Multibacillary leprosy
    (more than 5 skin lesions)

    Paucibacillary leprosy
    (1 to 5 skin lesions)

    Children 10 to 14 years

    rifampicin PO: 450 mg once monthly
    + clofazimine PO: 150 mg once monthly and 50 mg on alternate days
    + dapsone PO: 50 mg once daily

    rifampicin PO: 450 mg once monthly
    + clofazimine PO: 150 mg once monthly and 50 mg on alternate days
    + dapsone PO: 50 mg once daily

    Children 15 years and over and adults

    rifampicin PO: 600 mg once monthly
    + clofazimine PO: 300 mg once monthly and 50 mg once daily
    + dapsone PO: 100 mg once daily

    rifampicin PO: 600 mg once monthly
    + clofazimine PO: 300 mg once monthly and 50 mg once daily
    + dapsone PO: 100 mg once daily


    12 months

    6 months


    Note: the monthly doses of rifampicin and clofazimine are administered under direct observation by medical staff whereas the daily doses of clofazimine and dapsone are taken by the patient at home. Rifampicin should be taken on an empty stomach to improve absorption.


    Teach the patient to recognise and quickly report a lepra reaction or relapse in order to modify or restart treatment.

    Leprosy reactions

    These reactions usually occur during the course of treatment in patients with multibacillary leprosy (BL and LL). They are associated with the immunological response to M. leprae antigens. Urgent treatment is required to avoid irreversible disability. Do not interrupt ongoing leprosy treatment. 

    Clinical features

    • Reversal reactions: 
      • Exacerbation of the skin lesions that become erythematous and oedematous and risk or ulceration. Onset or worsening of numbness of skin lesions;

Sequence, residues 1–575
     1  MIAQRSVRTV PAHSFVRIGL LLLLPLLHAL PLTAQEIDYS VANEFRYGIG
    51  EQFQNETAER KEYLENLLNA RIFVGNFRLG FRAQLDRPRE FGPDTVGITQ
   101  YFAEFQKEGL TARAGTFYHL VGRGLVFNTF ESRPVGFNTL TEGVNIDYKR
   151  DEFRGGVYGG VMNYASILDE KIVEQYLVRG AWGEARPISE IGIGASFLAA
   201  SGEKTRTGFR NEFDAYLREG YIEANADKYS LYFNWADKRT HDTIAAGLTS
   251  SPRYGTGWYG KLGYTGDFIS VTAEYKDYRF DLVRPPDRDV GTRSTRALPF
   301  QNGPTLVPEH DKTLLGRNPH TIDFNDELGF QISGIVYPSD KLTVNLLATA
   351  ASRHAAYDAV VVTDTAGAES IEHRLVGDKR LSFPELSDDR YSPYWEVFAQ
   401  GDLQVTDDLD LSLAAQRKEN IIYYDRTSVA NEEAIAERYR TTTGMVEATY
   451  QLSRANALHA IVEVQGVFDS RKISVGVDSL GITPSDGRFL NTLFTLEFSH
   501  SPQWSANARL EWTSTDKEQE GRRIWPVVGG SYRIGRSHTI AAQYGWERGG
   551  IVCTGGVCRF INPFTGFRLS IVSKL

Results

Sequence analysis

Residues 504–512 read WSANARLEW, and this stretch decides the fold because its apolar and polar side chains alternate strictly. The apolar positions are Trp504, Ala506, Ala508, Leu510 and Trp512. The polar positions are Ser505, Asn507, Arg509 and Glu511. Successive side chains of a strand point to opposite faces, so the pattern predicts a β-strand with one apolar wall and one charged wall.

• Onset of acute painful hypertrophic neuritis.


    • Erythema nodosum leprosum:
      • Fever, asthenia, alteration of the general state;
      • Crops of purplish-red, tender subcutaneous nodules, warmer than the surrounding skin. 


    • Reversal reactions: 
      prednisolone (or prednisone) PO: 0.5 to 1 mg/kg once daily for 2 weeks. Re-examine the patient every 2 weeks and decrease the dosage if the neurological signs recede. According to clinical response, treatment may last 3 to 6 months. [2] Citation 2. World Health Organization. WHO Expert Committee on Leprosy. Eighth report. WHO technical report series, n° 968. Geneva, 2012.
      http://www.searo.who.int/entity/global_leprosy_programme/publications/8th_expert_comm_2012.pdf [Accessed 17 October 2018]

      For example, for an adult: [3] Citation 3. World Health Organization. A guide to eliminating leprosy as a public health problem. Leprosy Elimination Group, 2000.
      http://apps.who.int/iris/bitstream/handle/10665/66612/WHO_CDS_CPE_CEE_2000.14.pdf?sequence=1 [Accessed 17 October 2018]
      Week 1 and 2: 40 mg once daily 
      Week 3 and 4: 30 mg once daily 
      Week 5 and 6: 20 mg once daily 
      Week 7 and 8: 15 mg once daily 
      Week 9 and 10: 10 mg once daily 
      Week 11 and 12: 5 mg once daily